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Sep 8, 2020
This week’s theme
Eponyms

This week’s words
Ballardian
Griselda
Homeric
Juno
Pavlovian

Griselda
One of Griselda’s children is taken away from her
Illustration: H.R. Haweis, in Chaucer for Children, 1877

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A.Word.A.Day
with Anu Garg

griselda

PRONUNCIATION:
(gri-ZEL-duh)

MEANING:
noun: A meek and patient woman.

ETYMOLOGY:
After Griselda, a woman in various medieval tales, who suffers without ever complaining as her husband puts her through various tests. The name Griselda is from Germanic roots meaning “gray battle-maid”. Talk about misnaming your character (see below)! Earliest documented use: 14th century.

NOTES:
Griselda has appeared in many stories over the years, including Geoffrey Chaucer’s The Canterbury Tales, and was the inspiration for Shakespeare’s The Winter’s Tale. The best-known version of the story is the one told by Giovanni Boccaccio, c. 1350.

In the story, Gualtieri, Marquis of Saluzzo, marries a peasant girl named Griselda. After some time when a daughter is born, Gualtieri decides to test his wife and declares that the newborn is to be killed and sends her away supposedly to be killed. Griselda accepts her husband’s will without ever complaining.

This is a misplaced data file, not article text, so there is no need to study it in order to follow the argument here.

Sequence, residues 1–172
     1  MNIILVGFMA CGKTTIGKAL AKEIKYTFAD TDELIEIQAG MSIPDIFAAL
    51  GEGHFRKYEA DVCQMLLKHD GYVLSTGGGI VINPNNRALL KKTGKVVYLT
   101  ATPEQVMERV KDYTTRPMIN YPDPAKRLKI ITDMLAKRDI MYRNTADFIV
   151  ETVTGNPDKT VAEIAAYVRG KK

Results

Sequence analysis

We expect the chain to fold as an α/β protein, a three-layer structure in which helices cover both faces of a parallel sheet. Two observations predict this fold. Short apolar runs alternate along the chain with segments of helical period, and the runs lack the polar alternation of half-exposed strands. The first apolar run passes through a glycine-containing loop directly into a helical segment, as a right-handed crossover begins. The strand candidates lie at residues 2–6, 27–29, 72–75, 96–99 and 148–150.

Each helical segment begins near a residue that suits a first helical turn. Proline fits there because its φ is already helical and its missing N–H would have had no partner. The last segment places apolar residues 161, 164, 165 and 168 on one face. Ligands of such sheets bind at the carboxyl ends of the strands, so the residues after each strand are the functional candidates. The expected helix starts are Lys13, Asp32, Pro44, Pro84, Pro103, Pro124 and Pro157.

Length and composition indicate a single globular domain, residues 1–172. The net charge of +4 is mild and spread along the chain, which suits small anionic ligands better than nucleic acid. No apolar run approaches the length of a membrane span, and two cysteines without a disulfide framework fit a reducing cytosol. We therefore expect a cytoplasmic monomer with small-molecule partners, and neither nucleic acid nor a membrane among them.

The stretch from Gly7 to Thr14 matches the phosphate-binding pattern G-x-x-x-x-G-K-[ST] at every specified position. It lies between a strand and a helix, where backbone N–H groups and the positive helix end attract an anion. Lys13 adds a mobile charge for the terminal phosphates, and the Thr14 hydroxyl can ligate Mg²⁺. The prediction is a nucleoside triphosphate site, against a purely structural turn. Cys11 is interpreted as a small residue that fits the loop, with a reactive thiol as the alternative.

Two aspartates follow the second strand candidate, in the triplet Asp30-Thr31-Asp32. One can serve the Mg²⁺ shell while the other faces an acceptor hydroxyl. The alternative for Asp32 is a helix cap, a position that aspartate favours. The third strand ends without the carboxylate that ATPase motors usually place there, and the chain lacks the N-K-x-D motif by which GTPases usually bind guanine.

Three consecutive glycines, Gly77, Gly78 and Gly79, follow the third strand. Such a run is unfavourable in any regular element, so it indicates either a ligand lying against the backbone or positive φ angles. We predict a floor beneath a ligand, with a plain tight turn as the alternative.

A son is born a few years later and again: lather, rinse, repeat.

For the final test, he leaves her. After a few years he announces he’s remarrying and asks Griselda to come work as a servant in the wedding. She meekly complies.

The woman he’s supposedly marrying is their daughter who is now grown up, all of 11 years old. Seeing Griselda remain steadfast and loyal through all this, he finally declares: It has been a test. Only a test. Congratulations, you passed!

The whole family reunites. Happy ending. Good old times!

USAGE:
“Quite evidently she is not a Griselda, but possessed with a shocking desire to exculpate herself and her friends.”
Harriet Beecher Stowe; Lady Byron Vindicated; Boston, Fields, Osgood, & Co.; 1870.

A THOUGHT FOR TODAY:
If more politicians in this country were thinking about the next generation instead of the next election, it might be better for the United States and the world. -Claude Pepper, senator and representative (8 Sep 1900-1989)

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